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Shaiva (शैव, śaiva) or Shaivism (śaivism) represents a tradition of Hinduism worshiping Shiva as the supreme being. Closely related to Shaktism, Shaiva literature includes a range of scriptures, including Tantras, while the root of this tradition may be traced back to the ancient Vedas.

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Pancaratra (worship of Nārāyaṇa)

Source: Universität Wien: Sudarśana's Worship at the Royal Court According to the Ahirbudhnyasaṃhitā

Anupapanna (अनुपपन्न) refers to an “inadequate situation”, according to the Ahirbudhnyasaṃhitā, belonging to the Pāñcarātra tradition which deals with theology, rituals, iconography, narrative mythology and others.—Accordingly, “When kings are overpowered by enemies with an army (or: by strong enemies), when cities are burnt down and the Kings’ army is driven away, when people in various districts do not have access to food [and other goods]—if the kingdom is thus oppressed by the enemies’ army, oh Great Sage, and if in this inadequate situation (anupapanna) the King’s enemies are unimpeded, he should have a sixteen-armed Sudarśana constructed [and properly installed, for his power is] without obstacles”.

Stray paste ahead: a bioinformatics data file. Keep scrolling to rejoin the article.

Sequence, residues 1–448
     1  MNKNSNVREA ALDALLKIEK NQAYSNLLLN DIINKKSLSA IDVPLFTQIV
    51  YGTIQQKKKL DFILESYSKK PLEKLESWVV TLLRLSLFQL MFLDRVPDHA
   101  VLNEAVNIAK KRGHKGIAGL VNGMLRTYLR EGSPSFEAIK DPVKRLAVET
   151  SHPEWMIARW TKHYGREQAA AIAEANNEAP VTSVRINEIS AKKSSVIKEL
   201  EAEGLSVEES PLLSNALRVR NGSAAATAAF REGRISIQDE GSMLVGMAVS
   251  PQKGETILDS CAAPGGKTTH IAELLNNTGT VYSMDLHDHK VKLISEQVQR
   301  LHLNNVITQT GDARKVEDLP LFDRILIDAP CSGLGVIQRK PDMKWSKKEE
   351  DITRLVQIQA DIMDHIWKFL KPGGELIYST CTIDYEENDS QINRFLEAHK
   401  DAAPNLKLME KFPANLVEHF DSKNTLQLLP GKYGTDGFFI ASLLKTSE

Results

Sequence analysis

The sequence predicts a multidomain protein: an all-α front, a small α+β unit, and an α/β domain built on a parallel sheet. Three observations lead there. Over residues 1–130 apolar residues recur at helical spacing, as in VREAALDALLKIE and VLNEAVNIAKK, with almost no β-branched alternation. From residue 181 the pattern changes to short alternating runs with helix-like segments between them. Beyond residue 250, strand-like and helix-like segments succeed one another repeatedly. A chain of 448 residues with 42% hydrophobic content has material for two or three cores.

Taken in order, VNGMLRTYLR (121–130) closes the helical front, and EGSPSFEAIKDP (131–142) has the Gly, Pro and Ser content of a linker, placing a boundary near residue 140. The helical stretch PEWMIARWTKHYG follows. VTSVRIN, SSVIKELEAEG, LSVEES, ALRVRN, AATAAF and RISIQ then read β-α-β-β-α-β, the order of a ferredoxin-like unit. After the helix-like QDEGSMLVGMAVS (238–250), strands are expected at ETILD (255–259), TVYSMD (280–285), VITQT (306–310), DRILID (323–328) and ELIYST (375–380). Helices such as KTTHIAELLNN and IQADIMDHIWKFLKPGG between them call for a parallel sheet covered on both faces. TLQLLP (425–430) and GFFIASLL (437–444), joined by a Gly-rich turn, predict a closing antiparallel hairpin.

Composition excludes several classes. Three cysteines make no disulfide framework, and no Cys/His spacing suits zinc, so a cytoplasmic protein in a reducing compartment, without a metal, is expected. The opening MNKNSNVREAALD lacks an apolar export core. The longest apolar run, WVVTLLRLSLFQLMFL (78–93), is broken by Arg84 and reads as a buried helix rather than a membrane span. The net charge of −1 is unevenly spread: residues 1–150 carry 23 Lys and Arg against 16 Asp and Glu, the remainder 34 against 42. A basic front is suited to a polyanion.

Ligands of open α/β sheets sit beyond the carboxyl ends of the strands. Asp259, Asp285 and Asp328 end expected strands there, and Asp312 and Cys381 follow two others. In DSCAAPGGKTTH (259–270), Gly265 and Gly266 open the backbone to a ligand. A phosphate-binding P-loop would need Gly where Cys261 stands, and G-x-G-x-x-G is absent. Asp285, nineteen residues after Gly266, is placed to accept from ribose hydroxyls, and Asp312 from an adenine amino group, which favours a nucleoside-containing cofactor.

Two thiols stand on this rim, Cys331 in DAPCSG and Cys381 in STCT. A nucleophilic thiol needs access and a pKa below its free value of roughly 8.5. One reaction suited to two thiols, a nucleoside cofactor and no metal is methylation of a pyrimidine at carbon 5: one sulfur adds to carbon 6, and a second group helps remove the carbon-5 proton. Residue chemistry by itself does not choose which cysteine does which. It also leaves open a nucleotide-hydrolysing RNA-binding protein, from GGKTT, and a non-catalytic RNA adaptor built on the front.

Pancaratra book cover
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Pancaratra (पाञ्चरात्र, pāñcarātra) represents a tradition of Hinduism where Narayana is revered and worshipped. Closeley related to Vaishnavism, the Pancaratra literature includes various Agamas and tantras incorporating many Vaishnava philosophies.

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Languages of India and abroad

Marathi-English dictionary

[«previous next»] — Anupapanna in Marathi glossary